In the treatment of
glaucoma, your eye doctor will try to
reduce the risk of damage to your optic nerve by keeping your eye pressure
(intraocular pressure, or IOP) from rising above a certain level. That level of
pressure is called your target pressure. By reducing the risk of optic nerve
damage, maintaining the target pressure in your eyes may help slow the
progression of the disease.
A tonometry test is used to measure the pressure in the eyes. The target
pressure is based on the degree of optic nerve damage, the amount of visual
field loss and, to a lesser degree, the initial pressure in the eye and how
widely it varies each time it is measured. The target pressure varies from
person to person. It is usually about 20% to 30% less than
the highest IOP you've had.
Primary congenital glaucoma (PCG) is an eye disease that affects children between the ages of birth and 3 years. It is one type of glaucoma. Glaucoma refers to a group of diseases in which there is permanent and characteristic damage to the optic nerve which is usually associated with abnormally high intraocular pressure.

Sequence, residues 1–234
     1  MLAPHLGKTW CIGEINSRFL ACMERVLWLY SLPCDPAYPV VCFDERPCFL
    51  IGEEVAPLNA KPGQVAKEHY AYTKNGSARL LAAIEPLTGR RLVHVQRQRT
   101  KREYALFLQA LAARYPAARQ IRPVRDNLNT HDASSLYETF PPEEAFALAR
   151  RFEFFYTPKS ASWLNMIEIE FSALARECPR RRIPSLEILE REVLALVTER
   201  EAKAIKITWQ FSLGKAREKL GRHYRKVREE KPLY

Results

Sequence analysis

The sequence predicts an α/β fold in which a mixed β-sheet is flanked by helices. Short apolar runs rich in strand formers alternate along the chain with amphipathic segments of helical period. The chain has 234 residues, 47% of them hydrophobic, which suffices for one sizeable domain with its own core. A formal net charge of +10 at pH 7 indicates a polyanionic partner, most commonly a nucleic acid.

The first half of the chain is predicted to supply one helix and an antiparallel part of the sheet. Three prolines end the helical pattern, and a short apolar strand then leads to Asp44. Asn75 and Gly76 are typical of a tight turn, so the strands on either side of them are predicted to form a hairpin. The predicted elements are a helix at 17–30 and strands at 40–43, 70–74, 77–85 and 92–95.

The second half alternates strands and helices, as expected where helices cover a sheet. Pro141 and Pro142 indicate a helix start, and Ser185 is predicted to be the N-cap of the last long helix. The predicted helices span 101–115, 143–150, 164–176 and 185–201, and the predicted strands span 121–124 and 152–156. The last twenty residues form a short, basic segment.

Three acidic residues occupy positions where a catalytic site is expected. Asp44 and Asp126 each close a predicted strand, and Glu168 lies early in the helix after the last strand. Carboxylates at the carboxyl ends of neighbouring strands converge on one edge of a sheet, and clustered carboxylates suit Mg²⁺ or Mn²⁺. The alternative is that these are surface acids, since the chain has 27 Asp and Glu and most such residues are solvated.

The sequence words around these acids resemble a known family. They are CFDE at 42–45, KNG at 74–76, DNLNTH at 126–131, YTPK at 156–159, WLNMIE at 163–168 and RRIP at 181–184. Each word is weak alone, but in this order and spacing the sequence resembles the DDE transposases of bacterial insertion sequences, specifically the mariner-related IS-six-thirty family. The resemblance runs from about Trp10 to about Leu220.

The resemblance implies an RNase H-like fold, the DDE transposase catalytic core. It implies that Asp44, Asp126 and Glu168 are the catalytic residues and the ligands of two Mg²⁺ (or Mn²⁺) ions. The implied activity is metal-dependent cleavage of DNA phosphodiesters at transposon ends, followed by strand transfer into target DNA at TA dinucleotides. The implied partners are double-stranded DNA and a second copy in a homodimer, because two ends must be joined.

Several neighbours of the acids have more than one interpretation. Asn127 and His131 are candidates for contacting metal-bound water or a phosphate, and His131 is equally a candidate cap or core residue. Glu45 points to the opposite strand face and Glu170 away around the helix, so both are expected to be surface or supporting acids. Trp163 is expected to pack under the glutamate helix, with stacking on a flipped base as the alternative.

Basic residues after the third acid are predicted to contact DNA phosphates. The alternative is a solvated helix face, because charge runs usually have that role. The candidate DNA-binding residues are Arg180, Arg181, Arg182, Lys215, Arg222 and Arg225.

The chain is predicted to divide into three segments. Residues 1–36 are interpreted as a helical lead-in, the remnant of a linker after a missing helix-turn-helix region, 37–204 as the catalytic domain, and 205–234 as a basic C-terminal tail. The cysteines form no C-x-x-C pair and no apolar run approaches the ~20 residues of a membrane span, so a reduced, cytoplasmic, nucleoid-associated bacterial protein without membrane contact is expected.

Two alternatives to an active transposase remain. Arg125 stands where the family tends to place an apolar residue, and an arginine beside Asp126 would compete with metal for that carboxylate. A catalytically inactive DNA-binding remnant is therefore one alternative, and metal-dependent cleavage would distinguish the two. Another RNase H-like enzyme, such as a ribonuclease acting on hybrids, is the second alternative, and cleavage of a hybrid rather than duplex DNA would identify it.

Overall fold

Primary congenital glaucoma is rare. It affects about one in every 10,000 infants. But it is serious and needs attention. Untreated primary congenital glaucoma is a major cause...
When the tonometry measurement is above target pressure, your doctor will consider making changes to your treatment, such as starting medicine or changing your medicine.
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This information is produced and provided by the National
Institute (NCI). The information in this topic may have changed since it was written. For the most current information, contact the National
Institute via the Internet web site at http://
.gov or call 1-800-4-CANCER.
WebMD Medical Reference from Healthwise
September 09, 2014
This information is not intended to replace the advice of a doctor.
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